Decree of Nullity


#1

Hello,

My wife and I are both Catholics in the USA but we were not married in the Catholic church since she was previously married in the Church and did not receive an annulment. We are now going through a civil divorce because I found out she has been having an affair. Since we were never married in the Church, is it necessary for me to obtain a decree of nullity from the Church if I wanted to remarry in the future? If it is still necessary then would the fact that she is having an affair be justification to obtain a decree of nullity?

Thank You


#2

Yes, you would need a declaration of nullity. However, given that she had not had a declaration of nullity from her previous marriage, this should be an administrative procedure and should not take very long. I believe that, in a case such as this, all you should need are the required documents and there should be no interviews or formal nullity trial required. Still, you should speak with your parish priest if you wish to begin the process.


#3

[quote="His_helpmeet, post:2, topic:327781"]
Yes, you would need a declaration of nullity. However, given that she had not had a declaration of nullity from her previous marriage, this should be an administrative procedure and should not take very long. I believe that, in a case such as this, all you should need are the required documents and there should be no interviews or formal nullity trial required. Still, you should speak with your parish priest if you wish to begin the process.

[/quote]

Thank you for your help, I appreciate it.


#4

[quote="grokrc, post:1, topic:327781"]
Hello,

My wife and I are both Catholics in the USA but we were not married in the Catholic church since she was previously married in the Church and did not receive an annulment. We are now going through a civil divorce because I found out she has been having an affair. Since we were never married in the Church, is it necessary for me to obtain a decree of nullity from the Church if I wanted to remarry in the future? If it is still necessary then would the fact that she is having an affair be justification to obtain a decree of nullity?

Thank You

[/quote]

Adultery is not grounds for an annulment. However, you are not considered to be in a valid marriage in the first place. First and foremost, you were married outside of the Church without dispensation. Second, your "wife" was not free to marry due to a prior bond.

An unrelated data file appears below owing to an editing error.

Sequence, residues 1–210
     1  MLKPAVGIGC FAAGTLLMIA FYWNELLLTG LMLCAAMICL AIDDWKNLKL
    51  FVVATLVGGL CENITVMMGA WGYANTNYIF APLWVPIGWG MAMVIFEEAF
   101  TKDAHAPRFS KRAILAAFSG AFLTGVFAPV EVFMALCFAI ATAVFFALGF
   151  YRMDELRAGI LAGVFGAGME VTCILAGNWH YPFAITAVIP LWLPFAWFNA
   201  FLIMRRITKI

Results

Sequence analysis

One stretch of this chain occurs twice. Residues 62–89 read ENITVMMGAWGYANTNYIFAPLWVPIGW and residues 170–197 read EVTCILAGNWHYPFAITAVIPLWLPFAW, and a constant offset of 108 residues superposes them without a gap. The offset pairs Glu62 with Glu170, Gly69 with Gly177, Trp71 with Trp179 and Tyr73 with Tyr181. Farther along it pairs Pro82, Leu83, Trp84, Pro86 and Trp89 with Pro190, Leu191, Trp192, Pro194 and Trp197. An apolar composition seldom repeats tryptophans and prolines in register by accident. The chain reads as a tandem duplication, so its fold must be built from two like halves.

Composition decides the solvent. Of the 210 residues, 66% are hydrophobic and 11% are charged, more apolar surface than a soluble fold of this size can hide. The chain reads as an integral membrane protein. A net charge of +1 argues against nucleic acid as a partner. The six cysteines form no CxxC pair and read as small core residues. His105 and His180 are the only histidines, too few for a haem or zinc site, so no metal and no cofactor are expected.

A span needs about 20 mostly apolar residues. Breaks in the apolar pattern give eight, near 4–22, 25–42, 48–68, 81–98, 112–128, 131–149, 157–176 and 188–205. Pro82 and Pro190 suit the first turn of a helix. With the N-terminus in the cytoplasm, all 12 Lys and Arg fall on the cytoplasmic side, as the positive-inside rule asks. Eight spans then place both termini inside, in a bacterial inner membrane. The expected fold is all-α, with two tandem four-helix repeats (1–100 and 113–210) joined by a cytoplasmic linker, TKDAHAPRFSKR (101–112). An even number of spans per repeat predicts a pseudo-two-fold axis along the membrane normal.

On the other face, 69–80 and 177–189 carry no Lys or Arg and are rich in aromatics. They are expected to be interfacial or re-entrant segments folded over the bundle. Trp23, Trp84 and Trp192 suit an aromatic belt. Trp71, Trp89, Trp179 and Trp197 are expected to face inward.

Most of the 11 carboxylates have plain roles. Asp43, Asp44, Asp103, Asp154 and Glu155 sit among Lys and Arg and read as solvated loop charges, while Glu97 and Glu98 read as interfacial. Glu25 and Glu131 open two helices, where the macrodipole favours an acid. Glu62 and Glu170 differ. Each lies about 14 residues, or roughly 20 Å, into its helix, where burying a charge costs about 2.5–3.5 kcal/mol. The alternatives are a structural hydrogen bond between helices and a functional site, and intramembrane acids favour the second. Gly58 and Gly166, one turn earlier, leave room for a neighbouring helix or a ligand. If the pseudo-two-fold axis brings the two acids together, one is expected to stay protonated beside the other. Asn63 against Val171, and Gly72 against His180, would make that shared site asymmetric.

You are dealing with a lack of form case, which is straightforward in the U.S.


#5

[quote="His_helpmeet, post:2, topic:327781"]
Yes, you would need a declaration of nullity. However, given that she had not had a declaration of nullity from her previous marriage, this should be an administrative procedure and should not take very long. I believe that, in a case such as this, all you should need are the required documents and there should be no interviews or formal nullity trial required. Still, you should speak with your parish priest if you wish to begin the process.

[/quote]

I agree that it would be an administrative procedure (as opposed to a full blown investigation by the tribunal) but not for the reason given here. The fact that the OP is Catholic but was not married in the Church would render his marriage invalid due to lack of form.

As mentioned above, the first step is to speak with your priest.


#6

[quote="TheWarriorMonk, post:4, topic:327781"]
Adultery is not grounds for an annulment. However, you are not considered to be in a valid marriage in the first place. First and foremost, you were married outside of the Church without dispensation. Second, your "wife" was not free to marry due to a prior bond.

You are dealing with a lack of form case, which is straightforward in the U.S.

[/quote]

This.

You need to speak to your priest and go from there.


#7

[quote="BettyBoop416, post:5, topic:327781"]
I agree that it would be an administrative procedure (as opposed to a full blown investigation by the tribunal) but not for the reason given here. The fact that the OP is Catholic but was not married in the Church would render his marriage invalid due to lack of form.

As mentioned above, the first step is to speak with your priest.

[/quote]

Also, his "wife" was not free to marry to begin with, so that matters as well. Had they attempted marriage in a Catholic Church as required for a Catholic, that relationship would have prevented their attempt from going forward without her first receiving a Decree of Nullity regarding her prior relationship.